On our last full day in La Antigua, Kelly and I walked over to the church, ruins, and museum of San Francisco, dedicated to Brother Hermano, Guatemala’s only native born saint. Lots of miracles are attributed to him and in the museum (where photography is not permitted) are walls of crutches, artificial limbs, letters, and other things. Presumably these are testimony to the healing properties of the saint, and the adjoining church is clearly a play of devotion for today’s Antigua Catholics.

Interestingly the Catholic church is no longer completely dominant in Guatemala – there have been large influxes of various Protestant evangelical orders. Our friend who lives in Antigua and is involved in many projects there is not very impressed with these newer churches, since they don’t provide schools, hospitals, clinics, etc.

For our “last supper” we went out to have dinner with our friend Deet and ended up at a nice Indian restaurant. Just as we ordered our food, the power went out and stayed out for about 20 minutes, but came on again in time for our food to be served, which was much better than eating in the dark!

The next morning, we got up at 5am and our taxi drove us to Guatemala City airport, making what had been a one hour journey the other way in less than forty minutes. If Guatemala ever needs a formula one driver, they might have some candidates in their taxi drivers.

Just as we neared the airport, we noticed one of the mountains puffing smoke – the volcano was erupting! Thankfully, unlike the Icelandic volcanoes, this did not seem to interrupt any flights so we made it out on time, flying to Dallas where we connected for our last leg to Austin.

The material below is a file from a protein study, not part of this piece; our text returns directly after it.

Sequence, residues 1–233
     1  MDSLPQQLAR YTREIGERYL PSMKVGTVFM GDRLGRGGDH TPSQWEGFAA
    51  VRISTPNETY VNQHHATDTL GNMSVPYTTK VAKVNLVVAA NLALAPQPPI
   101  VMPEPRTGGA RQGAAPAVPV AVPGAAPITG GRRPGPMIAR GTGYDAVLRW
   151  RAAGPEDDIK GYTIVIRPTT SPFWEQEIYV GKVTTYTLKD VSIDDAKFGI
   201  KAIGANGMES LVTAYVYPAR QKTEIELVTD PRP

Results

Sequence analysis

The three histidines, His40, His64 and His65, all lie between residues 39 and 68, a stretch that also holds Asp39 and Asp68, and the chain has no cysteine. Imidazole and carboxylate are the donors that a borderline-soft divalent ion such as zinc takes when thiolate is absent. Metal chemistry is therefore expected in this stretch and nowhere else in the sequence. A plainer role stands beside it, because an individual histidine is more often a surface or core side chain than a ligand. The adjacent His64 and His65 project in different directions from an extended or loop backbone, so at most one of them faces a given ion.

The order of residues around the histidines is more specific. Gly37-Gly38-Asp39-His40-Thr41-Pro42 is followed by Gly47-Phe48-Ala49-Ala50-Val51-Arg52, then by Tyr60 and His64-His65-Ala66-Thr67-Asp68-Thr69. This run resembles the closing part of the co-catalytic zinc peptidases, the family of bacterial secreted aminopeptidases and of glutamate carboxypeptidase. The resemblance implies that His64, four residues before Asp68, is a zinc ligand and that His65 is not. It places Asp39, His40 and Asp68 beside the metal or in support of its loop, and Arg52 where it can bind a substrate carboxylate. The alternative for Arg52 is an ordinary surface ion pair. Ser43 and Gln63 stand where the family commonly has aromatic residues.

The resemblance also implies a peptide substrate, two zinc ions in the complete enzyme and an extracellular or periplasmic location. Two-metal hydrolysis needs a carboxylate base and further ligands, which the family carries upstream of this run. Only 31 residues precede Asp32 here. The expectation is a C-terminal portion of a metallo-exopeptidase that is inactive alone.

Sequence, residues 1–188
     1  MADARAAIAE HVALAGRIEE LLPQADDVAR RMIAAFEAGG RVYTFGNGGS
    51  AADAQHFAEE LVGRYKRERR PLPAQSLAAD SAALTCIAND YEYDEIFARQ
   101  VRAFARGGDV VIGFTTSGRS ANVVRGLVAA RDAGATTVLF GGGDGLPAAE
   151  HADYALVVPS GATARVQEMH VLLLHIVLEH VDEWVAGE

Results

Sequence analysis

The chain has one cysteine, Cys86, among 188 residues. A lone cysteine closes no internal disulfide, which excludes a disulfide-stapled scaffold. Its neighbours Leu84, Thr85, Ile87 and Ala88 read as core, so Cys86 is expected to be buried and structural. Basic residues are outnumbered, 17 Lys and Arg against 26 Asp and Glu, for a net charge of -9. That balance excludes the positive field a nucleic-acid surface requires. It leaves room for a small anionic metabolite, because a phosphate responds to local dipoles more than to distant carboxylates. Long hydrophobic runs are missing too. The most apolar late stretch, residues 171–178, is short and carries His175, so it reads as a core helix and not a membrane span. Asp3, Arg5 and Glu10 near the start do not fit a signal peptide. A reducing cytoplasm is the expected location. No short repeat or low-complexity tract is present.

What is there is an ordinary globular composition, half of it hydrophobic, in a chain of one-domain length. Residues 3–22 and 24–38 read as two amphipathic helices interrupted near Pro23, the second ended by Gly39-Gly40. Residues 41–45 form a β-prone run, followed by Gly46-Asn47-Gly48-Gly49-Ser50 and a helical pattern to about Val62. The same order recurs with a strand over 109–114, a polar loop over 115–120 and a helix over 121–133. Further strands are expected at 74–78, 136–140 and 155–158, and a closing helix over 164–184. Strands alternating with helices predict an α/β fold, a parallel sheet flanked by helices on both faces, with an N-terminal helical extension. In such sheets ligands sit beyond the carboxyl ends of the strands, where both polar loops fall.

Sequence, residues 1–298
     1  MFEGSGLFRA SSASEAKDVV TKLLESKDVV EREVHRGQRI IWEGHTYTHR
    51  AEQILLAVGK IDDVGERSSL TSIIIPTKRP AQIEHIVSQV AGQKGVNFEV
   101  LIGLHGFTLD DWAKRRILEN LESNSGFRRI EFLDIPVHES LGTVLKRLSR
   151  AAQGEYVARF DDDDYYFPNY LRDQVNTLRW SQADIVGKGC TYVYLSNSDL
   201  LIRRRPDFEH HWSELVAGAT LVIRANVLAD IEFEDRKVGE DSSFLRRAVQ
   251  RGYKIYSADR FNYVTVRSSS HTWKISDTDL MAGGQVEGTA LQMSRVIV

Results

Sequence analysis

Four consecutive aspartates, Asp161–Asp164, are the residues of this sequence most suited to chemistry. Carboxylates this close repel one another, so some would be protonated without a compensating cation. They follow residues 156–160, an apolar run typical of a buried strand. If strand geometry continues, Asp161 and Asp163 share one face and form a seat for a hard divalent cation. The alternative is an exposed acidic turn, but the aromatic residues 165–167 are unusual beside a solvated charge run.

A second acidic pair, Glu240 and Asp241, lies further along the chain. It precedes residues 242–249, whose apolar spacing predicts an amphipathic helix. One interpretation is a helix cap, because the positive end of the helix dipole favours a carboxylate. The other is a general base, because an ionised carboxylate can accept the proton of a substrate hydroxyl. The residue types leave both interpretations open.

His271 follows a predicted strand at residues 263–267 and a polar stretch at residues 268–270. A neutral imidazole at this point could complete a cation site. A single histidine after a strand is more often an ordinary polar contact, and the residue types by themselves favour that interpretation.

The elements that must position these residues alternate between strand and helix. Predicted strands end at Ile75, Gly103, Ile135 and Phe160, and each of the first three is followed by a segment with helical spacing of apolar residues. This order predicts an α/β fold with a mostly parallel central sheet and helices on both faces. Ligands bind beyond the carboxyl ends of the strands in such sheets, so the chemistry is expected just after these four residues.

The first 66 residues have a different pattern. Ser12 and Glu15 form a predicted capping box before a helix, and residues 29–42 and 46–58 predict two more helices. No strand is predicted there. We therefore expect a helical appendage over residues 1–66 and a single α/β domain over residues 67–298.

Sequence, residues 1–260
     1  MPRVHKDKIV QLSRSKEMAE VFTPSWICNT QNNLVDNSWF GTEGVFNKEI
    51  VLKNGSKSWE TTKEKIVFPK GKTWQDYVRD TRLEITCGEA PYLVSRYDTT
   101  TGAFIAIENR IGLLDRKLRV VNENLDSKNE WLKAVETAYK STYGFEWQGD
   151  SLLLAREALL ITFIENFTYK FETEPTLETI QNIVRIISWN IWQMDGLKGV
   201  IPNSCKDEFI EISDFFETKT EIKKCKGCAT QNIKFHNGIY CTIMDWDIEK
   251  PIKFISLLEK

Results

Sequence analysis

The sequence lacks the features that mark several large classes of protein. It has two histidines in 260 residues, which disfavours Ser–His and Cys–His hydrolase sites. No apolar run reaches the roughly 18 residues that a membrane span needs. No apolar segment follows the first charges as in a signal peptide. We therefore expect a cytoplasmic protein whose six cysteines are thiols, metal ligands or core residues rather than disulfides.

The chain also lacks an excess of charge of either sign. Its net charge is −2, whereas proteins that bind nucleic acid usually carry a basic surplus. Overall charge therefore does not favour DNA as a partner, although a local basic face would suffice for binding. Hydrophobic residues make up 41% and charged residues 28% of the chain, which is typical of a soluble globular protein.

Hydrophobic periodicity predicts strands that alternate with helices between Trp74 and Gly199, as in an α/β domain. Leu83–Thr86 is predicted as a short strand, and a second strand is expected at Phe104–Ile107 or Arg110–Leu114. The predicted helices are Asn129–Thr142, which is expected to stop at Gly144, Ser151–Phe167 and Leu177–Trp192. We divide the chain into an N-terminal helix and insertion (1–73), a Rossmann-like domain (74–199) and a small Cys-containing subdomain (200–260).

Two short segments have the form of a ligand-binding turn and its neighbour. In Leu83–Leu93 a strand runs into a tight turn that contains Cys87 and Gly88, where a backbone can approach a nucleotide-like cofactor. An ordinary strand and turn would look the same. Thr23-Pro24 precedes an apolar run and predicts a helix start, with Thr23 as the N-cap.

In the airport, I still have some Guatemalan Quetzals in my wallet so I did something I haven’t done in a long time – bought some duty free booze, which was very reasonable. Guatemala apparently makes some good rum and we bought what we hope are some good samples. Since flights to the US must clear customs at the port of entry (Dallas for us), then go through airport security again, the rule limiting you to 3oz of carry on liquids applies (or it is re-applies?). This means that they give us the duty free on the way onto the plane, but once we arrived in Dallas and cleared customs, we had to pack the rum in our bags for the connecting flight to Austin. Thankfully they told us this, so we knew we had room, and they also packed the bottles pretty well, so they made it in one piece.

Now we are back in Austin (getting ready to go to Los Angeles this weekend to visit family). Time to deal with the insurance company about the lost bag…

One thought to “Early morning flight to Dallas”

  • Monique

    I've enjoyed all your posts, David. It brought your trip alive and often I could picture what was happening as you described it! X Mo


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